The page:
SEVEN Stories is seeking a happy ending by urging supporters to propel it to victory with their votes in a prestigious national competition.
The Newcastle-based national centre for children’s books is shortlisted in the education category of the National Lottery Awards, which annually reward the most successful and popular recipients of lottery funding.
Seven Stories, which opened in 2005, was among some 900 projects and organisations considered by the judges.
Staff are hoping to emulate Baltic Centre for Contemporary Art, in Gateshead, which last year won in the arts category.
Each of the winners in seven categories related to the lottery-supported good causes will receive £2,000.
But the popular backing is the main incentive, as Seven Stories chief executive Kate Edwards explained.
“These things mean a lot because it’s the people who use and enjoy us and feel strongly enough and passionate enough to cast their votes,” she said.
“It’s not the financial amount but the support of the public and the fact that the work we do can be publicly celebrated that’s important.”
Seven Stories has received £660,000 in lottery funding from Arts Council England and £352,249 from the Heritage Lottery Fund. It welcomes over 70,000 visitors a year and attracts some of the biggest names in children’s literature to work with them to stage exhibitions and events.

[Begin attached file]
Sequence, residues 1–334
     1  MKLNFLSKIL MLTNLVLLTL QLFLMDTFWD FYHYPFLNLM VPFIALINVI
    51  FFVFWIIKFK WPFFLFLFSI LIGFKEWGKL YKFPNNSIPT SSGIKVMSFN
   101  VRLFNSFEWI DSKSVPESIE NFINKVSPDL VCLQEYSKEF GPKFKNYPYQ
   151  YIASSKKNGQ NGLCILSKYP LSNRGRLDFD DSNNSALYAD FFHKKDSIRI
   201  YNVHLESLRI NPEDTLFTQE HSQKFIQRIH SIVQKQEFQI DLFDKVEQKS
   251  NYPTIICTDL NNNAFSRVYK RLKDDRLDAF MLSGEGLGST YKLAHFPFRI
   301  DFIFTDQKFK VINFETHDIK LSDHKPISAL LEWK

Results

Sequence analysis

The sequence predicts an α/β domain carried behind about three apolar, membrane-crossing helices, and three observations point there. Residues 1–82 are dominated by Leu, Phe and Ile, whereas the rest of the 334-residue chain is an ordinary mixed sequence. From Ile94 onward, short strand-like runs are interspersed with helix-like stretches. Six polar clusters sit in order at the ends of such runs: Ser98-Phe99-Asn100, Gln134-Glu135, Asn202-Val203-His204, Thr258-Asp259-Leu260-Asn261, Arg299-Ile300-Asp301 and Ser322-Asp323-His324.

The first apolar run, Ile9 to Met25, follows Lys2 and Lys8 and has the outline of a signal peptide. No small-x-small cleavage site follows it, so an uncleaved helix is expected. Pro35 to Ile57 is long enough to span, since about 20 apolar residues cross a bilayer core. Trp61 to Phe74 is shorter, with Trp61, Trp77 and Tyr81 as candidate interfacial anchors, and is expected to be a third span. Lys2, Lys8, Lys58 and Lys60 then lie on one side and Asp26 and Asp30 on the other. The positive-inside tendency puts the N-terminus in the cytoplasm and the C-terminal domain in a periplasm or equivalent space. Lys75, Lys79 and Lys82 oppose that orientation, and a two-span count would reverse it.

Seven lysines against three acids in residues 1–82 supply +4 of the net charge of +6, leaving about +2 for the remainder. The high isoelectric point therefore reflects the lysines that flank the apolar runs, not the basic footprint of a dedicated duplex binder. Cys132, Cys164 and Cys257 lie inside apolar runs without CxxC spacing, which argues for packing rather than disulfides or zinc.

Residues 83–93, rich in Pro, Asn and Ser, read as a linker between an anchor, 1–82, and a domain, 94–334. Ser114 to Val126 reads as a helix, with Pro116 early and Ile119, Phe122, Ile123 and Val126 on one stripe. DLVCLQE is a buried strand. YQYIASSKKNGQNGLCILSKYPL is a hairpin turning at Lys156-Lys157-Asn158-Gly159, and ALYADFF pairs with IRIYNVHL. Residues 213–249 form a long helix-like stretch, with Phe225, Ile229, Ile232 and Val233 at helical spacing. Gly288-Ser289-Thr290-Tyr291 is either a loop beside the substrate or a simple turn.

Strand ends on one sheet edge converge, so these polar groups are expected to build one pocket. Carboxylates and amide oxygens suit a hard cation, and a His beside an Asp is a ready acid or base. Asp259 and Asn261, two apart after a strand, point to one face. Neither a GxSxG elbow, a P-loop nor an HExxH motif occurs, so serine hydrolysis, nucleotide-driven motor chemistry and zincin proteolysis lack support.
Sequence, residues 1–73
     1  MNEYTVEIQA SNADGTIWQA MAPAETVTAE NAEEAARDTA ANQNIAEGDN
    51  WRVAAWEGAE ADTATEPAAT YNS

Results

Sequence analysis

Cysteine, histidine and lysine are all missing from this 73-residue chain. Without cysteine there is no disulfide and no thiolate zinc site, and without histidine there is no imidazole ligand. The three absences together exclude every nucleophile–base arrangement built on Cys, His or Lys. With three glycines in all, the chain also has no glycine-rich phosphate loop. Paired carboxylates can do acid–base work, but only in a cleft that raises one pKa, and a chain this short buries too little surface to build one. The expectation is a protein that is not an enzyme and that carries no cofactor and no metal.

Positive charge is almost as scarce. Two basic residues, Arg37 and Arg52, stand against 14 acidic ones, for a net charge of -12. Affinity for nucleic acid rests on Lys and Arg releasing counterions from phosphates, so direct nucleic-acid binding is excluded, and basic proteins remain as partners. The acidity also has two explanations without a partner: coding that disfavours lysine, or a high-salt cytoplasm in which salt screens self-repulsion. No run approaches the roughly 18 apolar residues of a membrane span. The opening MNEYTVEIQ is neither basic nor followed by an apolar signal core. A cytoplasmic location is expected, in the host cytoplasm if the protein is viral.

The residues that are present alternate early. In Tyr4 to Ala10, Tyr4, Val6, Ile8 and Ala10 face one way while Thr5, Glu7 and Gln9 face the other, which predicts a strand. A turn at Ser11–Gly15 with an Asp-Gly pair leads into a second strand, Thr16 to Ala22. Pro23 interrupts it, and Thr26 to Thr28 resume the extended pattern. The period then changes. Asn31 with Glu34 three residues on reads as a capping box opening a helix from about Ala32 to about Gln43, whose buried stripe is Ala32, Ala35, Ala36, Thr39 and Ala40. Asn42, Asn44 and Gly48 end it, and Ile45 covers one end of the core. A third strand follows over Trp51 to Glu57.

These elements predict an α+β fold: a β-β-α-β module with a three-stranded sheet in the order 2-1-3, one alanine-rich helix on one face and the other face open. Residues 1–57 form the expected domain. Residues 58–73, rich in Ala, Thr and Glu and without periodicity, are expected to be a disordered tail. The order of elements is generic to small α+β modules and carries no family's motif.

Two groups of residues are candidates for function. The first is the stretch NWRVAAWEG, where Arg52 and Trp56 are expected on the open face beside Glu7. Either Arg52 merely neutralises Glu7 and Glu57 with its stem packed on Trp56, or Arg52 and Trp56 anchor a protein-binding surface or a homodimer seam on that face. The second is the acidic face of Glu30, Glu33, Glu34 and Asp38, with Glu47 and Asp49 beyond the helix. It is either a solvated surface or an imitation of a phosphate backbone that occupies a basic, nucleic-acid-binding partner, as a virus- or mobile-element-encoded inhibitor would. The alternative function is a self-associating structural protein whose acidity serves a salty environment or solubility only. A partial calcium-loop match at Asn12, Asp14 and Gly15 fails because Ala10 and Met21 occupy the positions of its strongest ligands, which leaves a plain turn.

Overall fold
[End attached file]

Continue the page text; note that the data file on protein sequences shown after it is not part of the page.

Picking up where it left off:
Seven Stories also cares for the only collection in the world that tells the story of modern British children’s literature.
Kate Edwards said lots of people had already voted for Seven Stories whose fans, increasingly, are to be found outside the North East. Three of its exhibitions are currently being enjoyed elsewhere, with those dedicated to Jacqueline Wilson, Anthony Browne and Gruffalo creator Julia Donaldson on in Hull, Leeds and Birmingham respectively.
Another Seven Stories exhibition, Moving Stories, co-curated with the National Media Museum in Bradford, looks at how children’s books have been adapted for the screen.
That exhibition will open at Seven Stories in Newcastle after its run in Yorkshire.
Currently delighting visitors to Seven Stories are exhibitions dedicated to Cressida Cowell, creator of How To Train Your Dragon, and Enid Blyton, which Kate Edwards said had been popular with people of all ages.
“Enid still has the pulling power,” she said. “It is really nice to see lots of children enjoying and discovering stories about Noddy or the Magic Faraway Tree.”
You can vote for Seven Stories in the National Lottery Awards on the website www.lotterygoodcauses.org.uk (click on Awards).
Voting closes at midnight next Wednesday so one final push could clinch it.
These things mean a lot as it’s the people who use and enjoy us and feel strongly enough to vote